Bordeaux is one of the most revered and long-standing wine regions in the world. St Julien, situated on the Left Bank, is no exception, producing Cabernet Sauvignon-dominated reds.
Château Lagrange was known in the Middle Ages as the Noble House of Lagrange Montei. Records of the successive owners go back as far as 1631. In 1824 the total production was 120 barrels (12 000 cases). In 1842, the ex-Home Secretary to King Louis-Philippe, Count Duchatel, left his mark on the property and the Médoc by introducing a drainage system in the vineyard. This helped improve the wine immensely. While drainage in vineyards is common today, that was very forward thinking in 1842.
The Count brought the annual production up to 300 barrels. This was a golden age for Lagrange, with the famous 1855 classification awarding the property the title of Third Classified Growth. The beginning of the 20th century was much less glorious as the economic conditions deteriorated. Despite several changes in ownership the yields were lower and of lesser quality. A decline in business meant the estate had to be broken up from 280 hectares (around 700 acres) in 1840, the domain had been reduced to 157 hectares (392 acres) by December 1983, when the Japanese group Suntory bought it from the Cendoya family, owners since 1925.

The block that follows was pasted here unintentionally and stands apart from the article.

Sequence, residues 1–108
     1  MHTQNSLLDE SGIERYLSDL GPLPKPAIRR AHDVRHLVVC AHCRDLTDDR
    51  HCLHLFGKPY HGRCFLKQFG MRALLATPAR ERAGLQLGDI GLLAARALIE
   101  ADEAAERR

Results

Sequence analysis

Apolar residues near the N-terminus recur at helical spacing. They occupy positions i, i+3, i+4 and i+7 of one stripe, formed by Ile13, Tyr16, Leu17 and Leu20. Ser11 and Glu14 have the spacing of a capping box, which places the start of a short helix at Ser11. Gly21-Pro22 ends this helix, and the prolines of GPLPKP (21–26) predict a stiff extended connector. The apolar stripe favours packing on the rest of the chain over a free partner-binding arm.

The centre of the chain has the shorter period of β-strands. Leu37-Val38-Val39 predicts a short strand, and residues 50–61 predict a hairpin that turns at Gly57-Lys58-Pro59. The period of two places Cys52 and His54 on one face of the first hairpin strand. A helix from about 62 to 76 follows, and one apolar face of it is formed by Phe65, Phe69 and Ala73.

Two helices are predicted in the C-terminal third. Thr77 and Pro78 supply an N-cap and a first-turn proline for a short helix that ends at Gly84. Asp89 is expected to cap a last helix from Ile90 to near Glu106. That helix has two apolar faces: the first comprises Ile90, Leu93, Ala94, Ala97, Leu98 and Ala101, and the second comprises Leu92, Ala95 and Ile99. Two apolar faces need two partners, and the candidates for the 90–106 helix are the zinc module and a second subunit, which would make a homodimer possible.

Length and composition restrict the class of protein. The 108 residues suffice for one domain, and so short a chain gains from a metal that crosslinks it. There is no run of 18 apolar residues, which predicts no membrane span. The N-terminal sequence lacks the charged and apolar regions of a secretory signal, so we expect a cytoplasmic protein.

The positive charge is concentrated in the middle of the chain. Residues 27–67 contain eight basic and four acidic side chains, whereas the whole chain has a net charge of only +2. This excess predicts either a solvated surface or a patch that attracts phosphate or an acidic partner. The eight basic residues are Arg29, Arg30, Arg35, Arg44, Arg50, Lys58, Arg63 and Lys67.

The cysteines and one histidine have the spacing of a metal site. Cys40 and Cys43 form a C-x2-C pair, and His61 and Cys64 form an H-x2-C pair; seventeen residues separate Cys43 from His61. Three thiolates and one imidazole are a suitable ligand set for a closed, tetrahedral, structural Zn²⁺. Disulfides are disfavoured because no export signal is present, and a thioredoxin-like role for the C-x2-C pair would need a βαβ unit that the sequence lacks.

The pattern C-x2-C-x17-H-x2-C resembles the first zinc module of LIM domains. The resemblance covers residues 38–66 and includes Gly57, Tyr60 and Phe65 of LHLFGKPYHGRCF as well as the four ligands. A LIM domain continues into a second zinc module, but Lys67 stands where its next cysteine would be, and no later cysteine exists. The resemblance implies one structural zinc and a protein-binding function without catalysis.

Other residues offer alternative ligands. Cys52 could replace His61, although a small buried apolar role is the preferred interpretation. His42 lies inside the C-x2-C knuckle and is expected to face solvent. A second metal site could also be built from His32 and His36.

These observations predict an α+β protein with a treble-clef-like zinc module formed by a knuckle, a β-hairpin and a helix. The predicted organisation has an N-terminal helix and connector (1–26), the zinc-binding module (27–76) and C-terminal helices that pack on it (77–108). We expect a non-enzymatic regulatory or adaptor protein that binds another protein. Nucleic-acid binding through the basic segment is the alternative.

Lots of floral, berry and raspberry character on the nose lead to a medium- to full-bodied, with well-integrated tannins and a fresh finish. Aromas of tobacco, smoke, cigar box, blackberry and cedar wood personality. The tannins are ripe, the fruit is ample and fresh, finish with a spicy, cassis and pomegranate note. Lovely wine. Round and refined.
Great with our chef’s lamb and beef.